There is a lot of talk about “reasonable” restrictions in light of Corona Virus: wearing masks, contact tracing, small group meetings, six foot of distance, etc. There are a lot of people who are responding by refusing to follow one or more of these new-normal rules, and there are a lot of people responding by criticizing those people. It’s an ever escalating argument. I’ve seen a lot of vulgar language from both sides emphasizing their point that “we will not comply” and “you must comply.” Emotions run high. And the question is asked, “Why would someone object to a perfectly reasonable rule, and why do they think their liberty trumps reason?” The problem is one of justice.
It is perfectly reasonable for someone to say that those who have higher intelligence must care for those who have lower intelligence. In certain severe cases, it may be required that a person have a caregiver. But it is unjust to use intellect as a basis for enslaving others. And such arguments have been made – not just in philosophy but as a matter of law. They are seldom made anymore, but they were made as recently as 50 years ago, and they were all the rage before 1865.
Similarly, we might argue that certain acts clearly demonstrate patriotism, and lack of those actions demonstrate lack of patriotism – even of disloyalty. Treason is still a death penalty offense. And yet, requiring reasonable acts of patriotism as a show of loyalty can lead to oppression and persecution, as happened to Christians before 314.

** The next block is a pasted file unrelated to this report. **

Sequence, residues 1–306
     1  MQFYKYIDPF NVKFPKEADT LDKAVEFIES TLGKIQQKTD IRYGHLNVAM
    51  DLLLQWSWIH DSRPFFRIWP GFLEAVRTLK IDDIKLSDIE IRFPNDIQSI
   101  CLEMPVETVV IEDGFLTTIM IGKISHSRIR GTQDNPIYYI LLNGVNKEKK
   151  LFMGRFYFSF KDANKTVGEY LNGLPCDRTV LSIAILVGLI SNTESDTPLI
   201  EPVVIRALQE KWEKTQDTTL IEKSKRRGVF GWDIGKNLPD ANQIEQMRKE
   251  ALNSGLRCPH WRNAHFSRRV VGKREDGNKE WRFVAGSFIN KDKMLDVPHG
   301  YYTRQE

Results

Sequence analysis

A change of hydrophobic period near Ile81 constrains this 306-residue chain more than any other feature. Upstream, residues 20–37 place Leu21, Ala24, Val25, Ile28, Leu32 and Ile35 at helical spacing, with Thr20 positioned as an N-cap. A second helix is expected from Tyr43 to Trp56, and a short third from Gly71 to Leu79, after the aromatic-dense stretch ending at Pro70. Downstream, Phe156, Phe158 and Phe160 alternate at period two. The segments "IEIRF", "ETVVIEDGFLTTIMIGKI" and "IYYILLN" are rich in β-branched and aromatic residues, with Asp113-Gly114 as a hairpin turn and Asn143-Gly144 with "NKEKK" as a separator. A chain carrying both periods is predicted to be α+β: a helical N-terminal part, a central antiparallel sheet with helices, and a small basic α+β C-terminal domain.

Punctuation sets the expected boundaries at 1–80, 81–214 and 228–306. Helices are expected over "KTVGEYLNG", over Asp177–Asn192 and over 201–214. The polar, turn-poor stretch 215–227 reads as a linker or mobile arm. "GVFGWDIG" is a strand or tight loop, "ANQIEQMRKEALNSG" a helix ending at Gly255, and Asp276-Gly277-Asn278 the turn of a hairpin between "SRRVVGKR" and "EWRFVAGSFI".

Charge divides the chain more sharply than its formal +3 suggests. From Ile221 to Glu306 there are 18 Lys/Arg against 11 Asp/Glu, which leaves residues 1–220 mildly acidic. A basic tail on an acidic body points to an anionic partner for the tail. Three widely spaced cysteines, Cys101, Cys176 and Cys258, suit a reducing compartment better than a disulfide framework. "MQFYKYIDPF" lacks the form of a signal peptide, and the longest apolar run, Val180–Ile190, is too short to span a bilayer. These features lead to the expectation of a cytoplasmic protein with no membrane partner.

Groups that stand in harms way could reasonably be asked to move along for their own safety. If I went into an outlaw biker bar, and the barman suggested that I exit quickly, it would be in my best interests to listen to him. But if the same argument is used for mass relocation programs (Japanese in the American West, Jews in Axis-territory during WW2 for example), it is gross injustice at best, and genocide at worst.
Reason often leads to tyranny. Mao was very reasonable as he starved 20 million of his own people. These example are neither unlikely to occur again, nor isolated incidents. That is why many are unmoved by those who say “there is no reasonable argument against XX. Your freedom and liberty must yield to my reason”. We have already heard the reasonable argument “You must close down your business indefinitely, and if you re-open do so under rules that are certain to bankrupt you”. This is unjust, no matter how reasonable the arguments in favor may be. Historic and ongoing abuses of that sort are why we have a “takings clause” in the bill of rights. Health commissars are the new “by order of the kings”, and many innocent hardworking people have already faced financial ruin over these reasonable restrictions.
It is also why when people are told “There is no reasonable argument to be made against you giving up your rights”, many are refusing to do so for that exact reason. Because historically reason is a path to injustice. Reason is a dangerous thing. We listen to it, but it must always be kept captive to higher principles (love of neighbor, justice, etc.). Otherwise, it is reason run amok. And few things are more dangerous. It is worth remembering that reason made the atomic bomb. The scientists immediately turned to religion to try and convince the government not to use it.